Limit your view to a single season and the Rays are the fifteenth team to be no-hit twice in one year, the last being the 2001 Padres. Expand your scope to two consecutive seasons and they are the 27th team to be no-hit in consecutive seasons (or 28th if you double-count the 1968-70 Phillies, the only team ever to be no-hit in three consecutive seasons). Most significantly, if you go all the way back to 1884, you can find the one other team in history that was no-hit three times over the course of two seasons. The 1884-85 Providence Grays were no-hit on June 27, 1884 (by Larry Corcoran, no relation), then twice in 1885, on July 27 and August 29. The Grays' record of having been no-hit three times in a 428-day span was the record the Rays broke Friday night when they went hitless for the third time in a mere 306 days. So, while the Rays victimization was indeed record-breaking, it was not entirely unprecedented.
Those 1885 Grays were also one of seven teams to have their two single-season no-hit games come closer together than the Rays' this year (see table). Prior to Edwin Jackson's no-hitter Friday night, the Rays were last no-hit on May 9 by Oakland's
As the presence of the 1917 White Sox indicated, the Rays aren't the best team ever to be no-hit twice in one season, though given that those White Sox played in the deadball era, one wonders if the 2009-10 Rays were the least likely. Fortunately, there's a fairly common statistic that allows us to determine a team's likelihood of getting a hit, it's called "batting average." Those 1884-85 Providence Grays posted a .231 team batting average over the course of those two seasons, which made them far more likely to be no-hit than the Rays, who have hit .259 over the 2009 and 2010 seasons. That .259 average is robust by the standards of the 27 teams that have been no-hit twice over the course of two seasons, but it's not a record.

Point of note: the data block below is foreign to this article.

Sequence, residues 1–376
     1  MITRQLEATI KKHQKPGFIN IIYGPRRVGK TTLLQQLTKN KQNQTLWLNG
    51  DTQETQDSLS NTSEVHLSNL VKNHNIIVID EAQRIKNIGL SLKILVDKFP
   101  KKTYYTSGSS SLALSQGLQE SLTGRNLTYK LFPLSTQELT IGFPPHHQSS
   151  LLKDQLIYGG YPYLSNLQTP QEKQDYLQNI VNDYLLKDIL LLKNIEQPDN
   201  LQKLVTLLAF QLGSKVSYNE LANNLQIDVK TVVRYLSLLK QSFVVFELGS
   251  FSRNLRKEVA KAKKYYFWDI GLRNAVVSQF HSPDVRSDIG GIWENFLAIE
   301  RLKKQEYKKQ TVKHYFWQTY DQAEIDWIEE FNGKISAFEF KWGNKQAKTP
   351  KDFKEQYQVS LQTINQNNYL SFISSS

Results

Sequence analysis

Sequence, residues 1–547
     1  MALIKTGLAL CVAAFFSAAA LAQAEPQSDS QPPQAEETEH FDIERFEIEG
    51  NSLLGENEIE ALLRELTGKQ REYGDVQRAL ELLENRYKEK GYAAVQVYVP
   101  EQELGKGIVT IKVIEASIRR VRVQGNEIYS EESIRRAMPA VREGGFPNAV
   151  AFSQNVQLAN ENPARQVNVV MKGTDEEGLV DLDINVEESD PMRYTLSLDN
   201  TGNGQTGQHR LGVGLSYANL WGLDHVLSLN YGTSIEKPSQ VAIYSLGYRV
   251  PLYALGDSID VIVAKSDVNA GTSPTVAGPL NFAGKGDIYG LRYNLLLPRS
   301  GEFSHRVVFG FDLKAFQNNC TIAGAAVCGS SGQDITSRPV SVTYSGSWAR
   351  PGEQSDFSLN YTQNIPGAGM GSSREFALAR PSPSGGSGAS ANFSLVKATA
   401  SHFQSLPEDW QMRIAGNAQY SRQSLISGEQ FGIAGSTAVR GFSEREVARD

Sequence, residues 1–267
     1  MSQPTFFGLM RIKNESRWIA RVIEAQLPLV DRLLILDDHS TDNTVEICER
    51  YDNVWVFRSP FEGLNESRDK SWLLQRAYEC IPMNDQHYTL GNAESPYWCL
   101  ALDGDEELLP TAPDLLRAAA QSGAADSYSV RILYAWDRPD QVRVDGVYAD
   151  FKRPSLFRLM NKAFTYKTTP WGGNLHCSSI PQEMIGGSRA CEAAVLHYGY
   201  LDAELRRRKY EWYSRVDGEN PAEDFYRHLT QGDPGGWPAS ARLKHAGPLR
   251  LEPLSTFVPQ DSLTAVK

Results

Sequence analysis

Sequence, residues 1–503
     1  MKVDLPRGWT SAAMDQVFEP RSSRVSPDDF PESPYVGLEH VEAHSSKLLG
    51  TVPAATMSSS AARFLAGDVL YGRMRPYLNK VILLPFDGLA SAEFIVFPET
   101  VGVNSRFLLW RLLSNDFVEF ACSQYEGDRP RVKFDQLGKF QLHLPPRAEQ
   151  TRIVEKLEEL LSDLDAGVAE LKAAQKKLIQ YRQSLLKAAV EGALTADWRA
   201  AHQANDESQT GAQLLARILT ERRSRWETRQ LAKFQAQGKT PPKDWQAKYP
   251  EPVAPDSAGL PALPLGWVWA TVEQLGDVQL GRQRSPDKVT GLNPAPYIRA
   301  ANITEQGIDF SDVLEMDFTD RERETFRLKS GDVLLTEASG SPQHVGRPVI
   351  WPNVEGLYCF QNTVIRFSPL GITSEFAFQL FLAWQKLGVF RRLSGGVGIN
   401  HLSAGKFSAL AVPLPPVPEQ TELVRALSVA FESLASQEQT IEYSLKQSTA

In fact, five other teams were no-hit either in consecutive seasons or twice in a single season while posting a higher batting average (and thus being less likely to be no-hit at all). The all-time record for batting average by a two-time no-hit victim was set by the 1898 Boston Beaneaters (later the Braves), who hit .290 yet were no-hit twice, 77 days apart. That might seem remote and inapplicable, but the next team on the list is anything but. The 1996 Colorado Rockies, long before the humidor was introduced to Coors Field, hit .287 but were no-hit 129 days apart. No need to bother with their splits either, the first no-hitter (pitched by Al Leiter) came on the road, but the second (by Hideo Nomo) came at home.
As for whether or not there's anything about the Rays' offense that makes them prone to being no-hit, you can't get a better answer to that than their batting average, which firmly states that there is not. Their first two no-hit games came against lefties on the road, and the Rays do hit worse on the road and against southpaws, but their average is still better than .250 on both splits, and Jackson is a righty who no-hit the Rays in Tampa.
Rather, what the Rays are giving us is a lesson in randomness. No-hitters and perfect games (
They just have a humiliating historical footnote to go with it.